It is in this backdrop we have increased allocation of funds to higher education by more than double in last three years. From 2013 to present, two hundred and fifteen billion rupees are allocated to Higher Education Commission (HEC). Compared this with 2010 to 2013 in which hundred billion rupees were allocated to HEC.
We have also initiated US-Pakistan knowledge corridor. This would allow ten thousand Pakistani students to get their PhDs from top universities of the US in next ten years. Our government prioritises transfer of scientific knowledge from the US rather than aid or military gadgets.
Moreover, we have taken an initiative to build a university campus in every district of Pakistan. All students from low income background and especially girls would benefit most from this project. Because usually they are the ones who are unable to pursue higher education if they have to move to another district to attend university. National Endowment Scholarships for Talent (NEST) programme is introduced by MoPDR to provide scholarships and interest free loans to students from low and middle income households to pursue higher studies in top universities of the world.
Our government believes that every child of Pakistan has a right to quality education irrespective of their family’s income, ethnicity and faith. Therefore, under prime minister’s education reform programme three billion rupees are allocated for upgradation of schools infrastructure and laboratories for science and technology. And for the first time in history of Pakistan, Montessori classes are introduced in public schools. As an affirmative action policy, our government has launched Science Talent Farming Scheme that would provide scholarships to 300 school students every year to pursue higher studies up to PhD in science. This scheme targets students from historically disadvantaged segments of our society.
Government has set up National Curriculum Council (NCC) to work with all relevant stakeholders to modernise the curriculum in public schools. The idea is to transform learning experience from rote learning to innovative, critical and out of box thinking. We have emphasised to NCC that new curriculum should encourage and incentivise students to think out of box and develop innovative and critical thinking skills. Moreover, teachers’ training is an essential component of our education reform programme. For that purpose, a teacher training programme has been initiated to equip teachers with innovative, interactive and new scientific teaching methods.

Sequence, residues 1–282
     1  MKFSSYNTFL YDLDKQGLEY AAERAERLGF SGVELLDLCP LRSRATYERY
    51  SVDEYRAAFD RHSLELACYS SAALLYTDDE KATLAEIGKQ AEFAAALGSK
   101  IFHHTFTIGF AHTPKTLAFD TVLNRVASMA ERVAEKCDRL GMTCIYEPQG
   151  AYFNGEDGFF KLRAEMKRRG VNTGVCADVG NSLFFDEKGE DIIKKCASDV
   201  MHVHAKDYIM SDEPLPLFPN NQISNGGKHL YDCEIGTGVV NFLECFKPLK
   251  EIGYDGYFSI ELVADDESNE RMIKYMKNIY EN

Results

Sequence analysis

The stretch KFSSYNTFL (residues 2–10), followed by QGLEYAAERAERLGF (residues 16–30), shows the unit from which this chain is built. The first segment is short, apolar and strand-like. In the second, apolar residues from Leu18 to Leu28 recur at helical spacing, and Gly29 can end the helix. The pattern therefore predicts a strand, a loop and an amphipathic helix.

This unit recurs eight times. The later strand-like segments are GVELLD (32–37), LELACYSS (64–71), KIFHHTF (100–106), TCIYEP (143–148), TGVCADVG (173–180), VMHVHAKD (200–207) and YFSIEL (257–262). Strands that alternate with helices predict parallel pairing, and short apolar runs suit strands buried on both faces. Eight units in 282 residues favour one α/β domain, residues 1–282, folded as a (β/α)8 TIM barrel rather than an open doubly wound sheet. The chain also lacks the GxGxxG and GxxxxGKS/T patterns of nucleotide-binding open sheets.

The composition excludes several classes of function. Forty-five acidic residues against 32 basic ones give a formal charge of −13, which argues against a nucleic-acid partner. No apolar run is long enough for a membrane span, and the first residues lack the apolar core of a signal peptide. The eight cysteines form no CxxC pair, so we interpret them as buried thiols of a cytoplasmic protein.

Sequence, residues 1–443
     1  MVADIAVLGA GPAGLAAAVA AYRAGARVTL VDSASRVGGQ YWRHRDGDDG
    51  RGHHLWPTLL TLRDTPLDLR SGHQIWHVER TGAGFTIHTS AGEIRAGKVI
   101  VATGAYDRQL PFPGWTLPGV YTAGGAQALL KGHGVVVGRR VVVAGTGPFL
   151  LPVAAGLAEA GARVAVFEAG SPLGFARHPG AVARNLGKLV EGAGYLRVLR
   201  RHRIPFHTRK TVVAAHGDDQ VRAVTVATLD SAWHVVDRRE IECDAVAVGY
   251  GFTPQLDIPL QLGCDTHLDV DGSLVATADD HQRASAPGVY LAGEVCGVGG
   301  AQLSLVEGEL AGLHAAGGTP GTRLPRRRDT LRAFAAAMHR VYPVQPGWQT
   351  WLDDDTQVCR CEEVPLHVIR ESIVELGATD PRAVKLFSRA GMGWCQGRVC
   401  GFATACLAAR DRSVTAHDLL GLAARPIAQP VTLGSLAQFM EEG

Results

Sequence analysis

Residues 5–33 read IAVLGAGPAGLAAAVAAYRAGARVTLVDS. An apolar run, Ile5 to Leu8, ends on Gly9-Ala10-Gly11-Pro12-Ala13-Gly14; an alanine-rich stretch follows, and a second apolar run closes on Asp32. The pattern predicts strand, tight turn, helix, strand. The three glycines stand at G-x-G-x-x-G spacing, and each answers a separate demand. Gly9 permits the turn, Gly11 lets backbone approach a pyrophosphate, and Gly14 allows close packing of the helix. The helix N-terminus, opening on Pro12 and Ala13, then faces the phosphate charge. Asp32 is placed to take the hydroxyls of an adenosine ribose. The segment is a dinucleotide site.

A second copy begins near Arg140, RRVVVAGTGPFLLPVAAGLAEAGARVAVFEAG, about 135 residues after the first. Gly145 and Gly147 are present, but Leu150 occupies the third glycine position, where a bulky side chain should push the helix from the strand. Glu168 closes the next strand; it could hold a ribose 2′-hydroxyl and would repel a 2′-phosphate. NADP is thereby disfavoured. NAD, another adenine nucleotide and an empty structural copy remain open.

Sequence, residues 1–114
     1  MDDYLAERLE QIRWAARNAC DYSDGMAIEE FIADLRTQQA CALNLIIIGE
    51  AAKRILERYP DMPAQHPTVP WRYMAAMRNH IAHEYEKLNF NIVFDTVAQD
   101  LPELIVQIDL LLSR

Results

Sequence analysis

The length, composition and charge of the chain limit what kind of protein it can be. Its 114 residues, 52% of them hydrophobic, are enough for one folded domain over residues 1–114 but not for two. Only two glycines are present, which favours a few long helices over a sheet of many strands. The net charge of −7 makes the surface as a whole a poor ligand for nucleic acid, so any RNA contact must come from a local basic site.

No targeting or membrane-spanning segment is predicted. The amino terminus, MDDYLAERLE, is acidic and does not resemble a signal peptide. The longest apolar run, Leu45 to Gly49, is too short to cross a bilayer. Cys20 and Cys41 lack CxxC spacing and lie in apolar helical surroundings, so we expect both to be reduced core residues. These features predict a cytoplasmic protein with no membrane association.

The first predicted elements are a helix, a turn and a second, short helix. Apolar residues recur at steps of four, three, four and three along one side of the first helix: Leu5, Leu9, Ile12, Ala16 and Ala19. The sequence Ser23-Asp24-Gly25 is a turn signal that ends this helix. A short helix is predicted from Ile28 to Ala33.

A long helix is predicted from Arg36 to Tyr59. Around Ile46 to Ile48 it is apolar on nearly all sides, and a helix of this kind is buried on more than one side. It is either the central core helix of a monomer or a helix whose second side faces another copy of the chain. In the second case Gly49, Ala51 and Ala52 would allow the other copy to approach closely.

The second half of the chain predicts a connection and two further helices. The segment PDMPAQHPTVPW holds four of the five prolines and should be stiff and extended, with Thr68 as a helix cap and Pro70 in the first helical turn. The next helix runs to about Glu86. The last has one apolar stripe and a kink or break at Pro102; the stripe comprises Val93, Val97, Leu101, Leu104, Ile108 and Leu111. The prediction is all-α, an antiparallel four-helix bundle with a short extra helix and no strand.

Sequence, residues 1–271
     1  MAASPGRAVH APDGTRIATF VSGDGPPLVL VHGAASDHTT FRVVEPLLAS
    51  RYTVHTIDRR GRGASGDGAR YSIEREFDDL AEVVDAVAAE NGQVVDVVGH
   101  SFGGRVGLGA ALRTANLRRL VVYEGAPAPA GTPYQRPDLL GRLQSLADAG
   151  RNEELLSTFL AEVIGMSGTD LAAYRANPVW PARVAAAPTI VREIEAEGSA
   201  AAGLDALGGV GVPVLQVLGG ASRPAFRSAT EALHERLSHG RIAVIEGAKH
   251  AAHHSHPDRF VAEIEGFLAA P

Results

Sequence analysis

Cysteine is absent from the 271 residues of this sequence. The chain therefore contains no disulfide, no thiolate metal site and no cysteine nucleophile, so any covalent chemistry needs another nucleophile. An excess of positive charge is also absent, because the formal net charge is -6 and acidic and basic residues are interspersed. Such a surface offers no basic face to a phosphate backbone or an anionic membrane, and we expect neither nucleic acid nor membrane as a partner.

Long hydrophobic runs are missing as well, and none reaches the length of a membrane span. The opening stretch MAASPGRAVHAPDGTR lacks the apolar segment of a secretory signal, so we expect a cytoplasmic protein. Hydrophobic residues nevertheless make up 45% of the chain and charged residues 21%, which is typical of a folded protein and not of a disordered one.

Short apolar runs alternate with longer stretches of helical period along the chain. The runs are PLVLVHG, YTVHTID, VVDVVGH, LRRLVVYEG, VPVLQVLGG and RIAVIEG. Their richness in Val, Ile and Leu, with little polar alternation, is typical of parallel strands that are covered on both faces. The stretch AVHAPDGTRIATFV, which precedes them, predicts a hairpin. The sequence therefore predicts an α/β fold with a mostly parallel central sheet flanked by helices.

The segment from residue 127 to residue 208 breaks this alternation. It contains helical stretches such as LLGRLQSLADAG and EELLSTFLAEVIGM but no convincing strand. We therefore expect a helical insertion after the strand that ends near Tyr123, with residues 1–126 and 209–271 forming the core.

Our government has taken major initiatives in health care. Prime Minister’s National Health Insurance Programme is the first large scale health insurance programme in Pakistan. The objective is to achieve universal health coverage. As the programme will roll out, millions of low income households will be able to access quality health care services.
Moreover, national and provincial strategic plans for tuberculosis control have been developed. Free of cost diagnosis and treatment through a BSL3 lab network at 1,257 tuberculosis care facilities are up and running.
First time in the history of Pakistan, field epidemiology and disease surveillance division is established by our government in 2014. It will take a lead in disease surveillance and provide technical support to provinces. Furthermore, under New Blood Policy initiative sixty blood banks across the country are upgraded. Moreover, construction of ten new regional blood centres is already underway.
In order to address injustices and socio-economic inequities, we must first have concrete data on it. Such data is very scarce in Pakistan.
Therefore, government took an initiative on this by sanctioning Multidimensional Poverty Index (MPI) which is produced by UNDP. It reveals that income disparity is only one aspect of inequities in Pakistan. Disparities in terms of gender and region are strikingly high. The publication of MPI was a small but a necessary step. Now government is in the process of designing and implementing pertinent socio-economic policies to address social, gender and regional inequities.